Surviving a separation

Going through a separation can be a stressful time, and the one question people ask is what they need to do to protect themselves when a relationship breaks down.

Slater & Gordon’s family law specialist, Maria Monastiriotis, shares 10 actions you should take once you and your partner separate:

1. Change all your passwords
It’s important that you change your bank PIN numbers, internet and telephone banking passcodes and email passwords to ensure money can’t be withdrawn from your account. You should also change your social media passwords and review your privacy settings.

2. Advise your bank of your circumstances and check your account regularly
Inform your bank in writing that you are separated and do not consent to any money being withdrawn from your redraw facility or joint bank accounts. You should also check your redraw facilities and joint bank accounts every day and, if your partner has withdrawn a very large sum of money, you need to act quickly. It is probably worthwhile asking your bank if they will amend the condition on your accounts so that two signatures are required to withdraw over a certain amount.

3. Put your financial and valuable documents somewhere safe
It is not uncommon for these documents to disappear after separation. Take them to work or leave them with someone you trust.  If you are concerned that your partner may take your children overseas without your permission, put the children’s passports somewhere safe too. You should also consider taking copies or scanning them and saving to a USB.

4. Secure your sentimental and valuable items
If that trinket box that your grandmother gave you is sentimental or you can’t live without your signed copy of football memorabilia, put them somewhere safe so they can’t be broken in a War of the Roses-style feud.

5. Change your will
Most people don’t realise that separation does not affect wills, which means your partner is still the beneficiary of your assets if you pass away. You should also consider whether you want to change the beneficiaries listed in your insurance policies and superannuation fund.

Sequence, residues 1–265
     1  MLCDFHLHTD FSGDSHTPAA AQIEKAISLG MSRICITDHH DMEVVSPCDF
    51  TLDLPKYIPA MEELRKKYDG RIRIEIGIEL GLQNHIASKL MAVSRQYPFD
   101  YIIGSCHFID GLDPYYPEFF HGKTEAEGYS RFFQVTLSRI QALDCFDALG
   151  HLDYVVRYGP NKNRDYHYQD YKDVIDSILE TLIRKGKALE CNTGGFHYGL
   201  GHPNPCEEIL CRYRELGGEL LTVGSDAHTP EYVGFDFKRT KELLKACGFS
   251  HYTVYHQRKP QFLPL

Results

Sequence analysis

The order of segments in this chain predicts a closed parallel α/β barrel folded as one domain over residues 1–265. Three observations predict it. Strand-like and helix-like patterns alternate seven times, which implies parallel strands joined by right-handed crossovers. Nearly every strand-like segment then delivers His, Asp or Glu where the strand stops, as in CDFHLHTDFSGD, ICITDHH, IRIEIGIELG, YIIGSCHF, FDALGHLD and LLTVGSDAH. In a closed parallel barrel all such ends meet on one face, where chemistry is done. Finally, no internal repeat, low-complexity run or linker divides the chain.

6. Revoke any power of attorney  
If you have appointed your spouse or partner as your power of attorney it is preferable that you revoke this instruction as soon as possible. Even if your separation is relatively harmonious, consider instead another family member or good friend.

7. Keep a diary
You may need to recount events to a lawyer including conversations you had with your partner. Maintaining a diary will help you remember what happened when.

8. Keep things as civil as possible
Nobody wants to spend a lifetime fighting with a former partner, especially if there are children involved. Even adult children can suffer when a split is acrimonious.

9. Consider whether you need to change your postal address
If you are concerned that your former partner will read your mail, consider obtaining a postal box or redirecting your mail to a friend or family member.

10. Seek legal advice
You may never need to actually engage the services of a lawyer in court or during negotiations but you should ensure that you are fully informed before making any life-altering decisions.

The breakdown of a relationship or marriage can be stressful and traumatic for everyone involved. Slater and Gordon’s family law team has the skills and experience to help you through this difficult time. Visit slatergordon.com.au/family-law for more details or call 1800 555 777.

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